You might want to try focusing on your entire body movement when you make a move. I know when I make big moves, sometimes I'm over pumped and forget to really think about the path my entire body is going to take when I lunge for that extra reach. If you've only been climbing for a few months, that sounds pretty normal. A lot of newer climbers kind of have "tunnel vision" when they are setting up for the next hold -- usually the knees and elbows suffer from this.

a foolish pianist
May 6, 2007

(bi)cyclic mutation



MiamiKid posted:

After this Iowa incident, one way they were strongly enforcing the rules at my wall was to make sure all belayers were anchoring to the floor. Something I find unnecessary since my climbing partners are of similar weight, we're typically top roping through belay bars, limits the belayers movement, and so on. One student employee thought this was so important, that while a person was climbing, she noted that the belayer had failed to anchor. With a person 30 feet in the air, the employee unscrewed the locking biner on the belayer, passed the anchor sling into the 'biner, and re-locked the biner.

Christ that's horrifying.

myownsavior
Dec 21, 2004

I operate a nuclear reactor.

MiamiKid posted:

Was this at U of Iowa? They must be sorting out the liability issues still. This incident had an effect on the wall at my local university, where they started clamping down on some safety protocols and wondering if lead climbing was a good idea. Seems quite obvious that this incident in Iowa was something far outside safe climbing practices.. (http://www.iowacityowl.com/posts/613-Accident-on-Iowa-City-Rock-Climbing-Wall for those that haven't seen it.)

After this Iowa incident, one way they were strongly enforcing the rules at my wall was to make sure all belayers were anchoring to the floor. Something I find unnecessary since my climbing partners are of similar weight, we're typically top roping through belay bars, limits the belayers movement, and so on. One student employee thought this was so important, that while a person was climbing, she noted that the belayer had failed to anchor. With a person 30 feet in the air, the employee unscrewed the locking biner on the belayer, passed the anchor sling into the 'biner, and re-locked the biner.

And thought that process somehow made the climber safer, rather than simply correcting the belayer when the climber returned to the ground.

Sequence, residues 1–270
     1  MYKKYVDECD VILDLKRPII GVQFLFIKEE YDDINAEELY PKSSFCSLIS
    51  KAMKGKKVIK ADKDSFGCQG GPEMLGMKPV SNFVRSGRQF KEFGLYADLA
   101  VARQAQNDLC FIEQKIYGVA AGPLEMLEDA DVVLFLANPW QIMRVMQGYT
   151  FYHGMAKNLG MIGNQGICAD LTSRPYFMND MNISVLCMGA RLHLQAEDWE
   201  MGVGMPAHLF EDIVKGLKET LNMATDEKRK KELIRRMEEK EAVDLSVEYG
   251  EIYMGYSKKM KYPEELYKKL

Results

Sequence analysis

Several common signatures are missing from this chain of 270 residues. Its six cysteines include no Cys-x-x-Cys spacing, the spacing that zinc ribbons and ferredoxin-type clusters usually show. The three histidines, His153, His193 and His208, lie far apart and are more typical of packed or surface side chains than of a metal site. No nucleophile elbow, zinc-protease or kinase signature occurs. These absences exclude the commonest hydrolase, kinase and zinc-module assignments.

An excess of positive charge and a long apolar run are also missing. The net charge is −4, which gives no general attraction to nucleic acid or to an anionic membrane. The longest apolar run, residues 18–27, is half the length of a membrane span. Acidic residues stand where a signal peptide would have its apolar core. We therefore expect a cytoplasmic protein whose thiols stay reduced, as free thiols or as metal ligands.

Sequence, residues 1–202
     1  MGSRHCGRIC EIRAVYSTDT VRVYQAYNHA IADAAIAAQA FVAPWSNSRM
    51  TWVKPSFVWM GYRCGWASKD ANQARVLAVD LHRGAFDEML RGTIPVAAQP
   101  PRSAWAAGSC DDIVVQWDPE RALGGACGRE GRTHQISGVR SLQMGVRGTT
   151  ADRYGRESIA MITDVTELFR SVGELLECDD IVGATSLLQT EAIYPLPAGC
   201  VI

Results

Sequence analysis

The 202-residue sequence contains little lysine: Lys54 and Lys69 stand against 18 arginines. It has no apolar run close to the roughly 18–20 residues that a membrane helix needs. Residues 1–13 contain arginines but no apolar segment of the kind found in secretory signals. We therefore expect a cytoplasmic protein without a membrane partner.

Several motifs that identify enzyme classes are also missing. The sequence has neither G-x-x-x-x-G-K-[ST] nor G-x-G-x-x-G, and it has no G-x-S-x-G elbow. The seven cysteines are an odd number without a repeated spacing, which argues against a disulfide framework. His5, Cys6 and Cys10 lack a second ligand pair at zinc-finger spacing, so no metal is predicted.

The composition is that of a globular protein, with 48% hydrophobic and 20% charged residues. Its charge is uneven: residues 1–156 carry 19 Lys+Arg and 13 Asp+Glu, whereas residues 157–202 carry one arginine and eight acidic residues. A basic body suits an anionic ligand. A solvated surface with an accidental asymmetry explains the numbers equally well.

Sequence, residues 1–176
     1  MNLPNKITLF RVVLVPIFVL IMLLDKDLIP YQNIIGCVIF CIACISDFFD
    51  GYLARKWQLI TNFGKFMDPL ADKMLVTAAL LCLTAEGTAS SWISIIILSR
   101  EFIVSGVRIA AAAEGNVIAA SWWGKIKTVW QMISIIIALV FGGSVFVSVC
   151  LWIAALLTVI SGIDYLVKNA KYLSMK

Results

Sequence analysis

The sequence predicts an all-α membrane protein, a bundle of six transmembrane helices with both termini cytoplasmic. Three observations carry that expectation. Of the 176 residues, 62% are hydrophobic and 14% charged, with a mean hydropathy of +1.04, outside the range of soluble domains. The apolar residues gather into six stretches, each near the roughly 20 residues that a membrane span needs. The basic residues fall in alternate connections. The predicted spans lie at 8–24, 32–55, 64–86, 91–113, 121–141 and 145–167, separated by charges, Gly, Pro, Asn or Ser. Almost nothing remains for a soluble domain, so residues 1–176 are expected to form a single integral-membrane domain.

Anyway, I'd be interested to know if you find out any more details regarding the incident at Iowa (if that's where you're from.)

Yeah this was at Iowa, and I think you're right about liability issues. I was concerned for a while that the wall would never re-open, thankfully that's not the case. We're going to have some new safety protocols here as well, no word on what specifically though. Part of the problem with the university gym is that not all employees are climbers necessarily, they've just been taught the rules on paper and don't actually know anything about the equipment / how things work, leading to situations like you just described with the anchor...

Anyway, I've heard two different things about the fall at Iowa. First was that the belayer was using some sort of autolocking belay device, but was blocking the camming unit, and not holding the brake end of the rope - the climber fell, the belayer didn't react in time, etc. Second was that the climber was resting after clipping into a draw, so the belayer tried to tie some sort of blocking knot into the brake end of the rope, but did so improperly WHILE blocking the camming unit on the belay device.

Either cases are totally egregious and there's no way that belayer should've been belay certified, much less lead belay certified. I'm sure they'll be more careful these days.

Fontoyn
Aug 25, 2009

by Y Kant Ozma Post


I have some pretty awful pain at the top of my wrist whenever I release most jug holds with my right hand. The pain comes and gos pretty quickly but is a real bitch to deal with when I boulder. Any ideas?

spwrozek
Sep 4, 2006

Sail when it's windy



myownsavior posted: